In 2014 so called Pharmergings (Pharmaceutical Emerging Markets) grew, for first time in a decade, less than the Pharmaceutical Market average. According to IMS data, growth was 5.8% in emergings while the average was 6.4% and 6.6% in developed markets (US, Japan, WEU, Canada and ANZ). Just one year earlier the situation was opposite: Emergings were driving growth, 7.3%, while developed grew slightly above 2%. Coming back to 2007, Developed Markets were growing at an average of 8% and Pharmergings an astonishing 28%.
The fact is that Emerging Economies have slowed down abrupt and unexpectedly, not just the Pharmaceutical Market but almost in all Macroeconomic parameters.
Regarding BRICS, China has experienced three currency devaluations in one month, loss of 30% in the stock market in the same period and there is a feeling that maybe it is just the beginning. The situation in Russia doesn't looks better, with the ruble devaluated 49% in one year versus USD and the country immersed in commercial fights with NATO countries since the conflict in Ukraine. Brazil is entering into deflation and only India remains positive, although it is in low single digit growth.
Second and third tiers are also facing economical and political turbulences. In LATAM, Venezuela and Argentina, two of the biggest regional markets are dealing with high inflation and significant currency depreciation. Mexico, Chile, Colombia and the rest of Central and South American pharmaceutical markets are now growing in single low digits or decreasing.
MENA region remains unstable under the effects of the Arab Spring and the political and humanitarian crisis generated thereafter. Rich Arab countries, Saudi Arabia, Kuwait and UAE are also slowing down to single digit pharmaceutical expenses growth, with their economies being deeply affected by raw materials / oil low prices.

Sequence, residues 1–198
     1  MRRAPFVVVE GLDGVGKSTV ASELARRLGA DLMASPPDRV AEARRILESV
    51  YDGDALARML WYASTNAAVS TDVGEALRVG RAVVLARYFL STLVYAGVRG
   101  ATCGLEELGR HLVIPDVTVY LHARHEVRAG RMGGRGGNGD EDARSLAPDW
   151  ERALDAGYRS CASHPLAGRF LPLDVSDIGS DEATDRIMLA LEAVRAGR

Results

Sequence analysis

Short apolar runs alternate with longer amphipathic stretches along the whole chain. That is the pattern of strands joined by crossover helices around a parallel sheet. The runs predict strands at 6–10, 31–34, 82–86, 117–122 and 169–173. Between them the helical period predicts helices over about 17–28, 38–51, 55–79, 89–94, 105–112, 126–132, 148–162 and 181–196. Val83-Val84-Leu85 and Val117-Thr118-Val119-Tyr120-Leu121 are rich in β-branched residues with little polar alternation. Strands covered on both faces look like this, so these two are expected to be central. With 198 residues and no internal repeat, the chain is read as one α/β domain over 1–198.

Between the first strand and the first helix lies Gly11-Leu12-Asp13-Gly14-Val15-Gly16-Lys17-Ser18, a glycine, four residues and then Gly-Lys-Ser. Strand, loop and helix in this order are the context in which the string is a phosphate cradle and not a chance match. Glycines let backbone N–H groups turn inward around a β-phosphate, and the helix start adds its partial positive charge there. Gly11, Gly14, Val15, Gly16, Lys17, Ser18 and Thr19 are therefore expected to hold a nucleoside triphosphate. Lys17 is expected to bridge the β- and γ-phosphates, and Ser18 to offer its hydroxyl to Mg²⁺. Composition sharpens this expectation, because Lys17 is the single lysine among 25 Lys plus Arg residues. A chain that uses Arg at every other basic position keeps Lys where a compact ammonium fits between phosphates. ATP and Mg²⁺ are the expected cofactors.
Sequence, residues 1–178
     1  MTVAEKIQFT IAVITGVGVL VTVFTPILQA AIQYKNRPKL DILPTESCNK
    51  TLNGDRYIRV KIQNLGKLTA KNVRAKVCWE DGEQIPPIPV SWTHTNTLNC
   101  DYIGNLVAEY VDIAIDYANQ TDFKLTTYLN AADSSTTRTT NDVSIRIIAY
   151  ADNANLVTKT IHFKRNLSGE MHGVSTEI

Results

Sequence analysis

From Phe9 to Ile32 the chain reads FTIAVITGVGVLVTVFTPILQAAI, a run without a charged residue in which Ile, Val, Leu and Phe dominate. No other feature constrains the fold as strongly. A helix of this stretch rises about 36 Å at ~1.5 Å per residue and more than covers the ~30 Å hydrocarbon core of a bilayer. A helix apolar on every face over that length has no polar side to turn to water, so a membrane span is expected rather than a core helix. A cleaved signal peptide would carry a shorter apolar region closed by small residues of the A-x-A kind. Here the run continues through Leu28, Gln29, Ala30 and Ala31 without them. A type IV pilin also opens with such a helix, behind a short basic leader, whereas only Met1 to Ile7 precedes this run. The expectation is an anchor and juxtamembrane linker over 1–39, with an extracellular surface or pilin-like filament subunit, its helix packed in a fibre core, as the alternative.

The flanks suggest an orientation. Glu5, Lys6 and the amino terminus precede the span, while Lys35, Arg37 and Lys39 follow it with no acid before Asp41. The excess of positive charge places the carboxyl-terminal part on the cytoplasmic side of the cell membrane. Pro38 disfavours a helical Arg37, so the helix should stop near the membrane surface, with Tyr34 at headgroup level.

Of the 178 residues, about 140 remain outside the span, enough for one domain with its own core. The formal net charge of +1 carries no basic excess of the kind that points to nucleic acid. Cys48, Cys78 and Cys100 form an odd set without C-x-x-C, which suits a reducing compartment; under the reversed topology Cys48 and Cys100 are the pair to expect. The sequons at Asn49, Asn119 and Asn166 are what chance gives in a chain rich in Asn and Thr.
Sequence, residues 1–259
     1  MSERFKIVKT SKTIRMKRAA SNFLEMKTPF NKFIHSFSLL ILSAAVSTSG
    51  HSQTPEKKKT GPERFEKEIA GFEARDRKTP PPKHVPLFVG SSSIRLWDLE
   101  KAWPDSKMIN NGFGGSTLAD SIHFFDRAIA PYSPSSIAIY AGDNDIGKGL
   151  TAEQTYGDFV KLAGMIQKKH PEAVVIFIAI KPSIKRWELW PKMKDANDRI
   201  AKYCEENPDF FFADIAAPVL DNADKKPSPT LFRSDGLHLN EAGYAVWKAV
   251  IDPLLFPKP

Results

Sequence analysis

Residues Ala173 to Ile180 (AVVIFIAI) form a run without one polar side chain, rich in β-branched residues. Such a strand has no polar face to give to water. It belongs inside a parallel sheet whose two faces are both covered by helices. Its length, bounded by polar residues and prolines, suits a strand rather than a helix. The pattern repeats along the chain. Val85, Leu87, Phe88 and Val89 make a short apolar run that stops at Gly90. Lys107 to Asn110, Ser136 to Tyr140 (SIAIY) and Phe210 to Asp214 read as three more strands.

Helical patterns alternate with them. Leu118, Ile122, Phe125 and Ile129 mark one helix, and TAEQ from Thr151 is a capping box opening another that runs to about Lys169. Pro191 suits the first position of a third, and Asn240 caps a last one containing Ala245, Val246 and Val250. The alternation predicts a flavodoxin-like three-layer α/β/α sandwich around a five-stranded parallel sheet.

ASEAN Economies are still pursuing their free trade common marketplace, despite the fact that the scheduled date (2015) has showed to be unrealistic. After a decade of outstanding economical development with a skyrocketed pharmaceutic budget, the big 5 (Thailand, Malaysia, Philippines, Singapore and Indonesia) are now growing less than 5%.
Sub-Saharan Africa has also suffered a significant reduction in pharmaceutical market growth, from double digits to single in 2014. Corruption remains as one of the key barriers to growth in the region together with terrorist activities and local wars, particularly in biggest markets as Nigeria or Congo. In addition, international turbulences are expected to have a negative impact in some investments that big emerging economies were doing in the Region.
Last but not least, East European Region is highly influenced by the crisis between Western Europe-USA and Russia. Strong emerging economies as Poland or Hungary are showing low growth and old ex-Soviet Union republics are mostly in recession.
In summary, Emerging Economies have entered in a global crisis scenario that seems will be a consistent trend in the next future. Low growth rates or decreasing markets are the most probable landscape in the next future with important consequences for the Pharmaceutical Sector. Most pharmaceutical companies, particularly those among the Top 20 have identified Pharmergings as major growth drivers and have invested significantly to increase their presence there during the last years –for example, more than 35% of Sanofi’s revenues are generated in Emerging Markets-. Although developed segment recovery can help partially, it is not expected, in the present circumstances that Western Economies are willing to reduce cost controlling pressure over pharmaceutical budget as to fully offset the growth gap that will be generated in Emerging Markets. Finding growth drivers will be an even more challenging exercise for Big Pharma in the forthcoming years. Increased exposure to emerging markets is no longer a guarantee of growth. However other advantages, such as lower manufacturing / R&D costs are also important reasons to keep or increase presence in these markets. Despite global dependance between markets, crises don't always occur simultaneously and diversification keeps being a good strategy for risk management.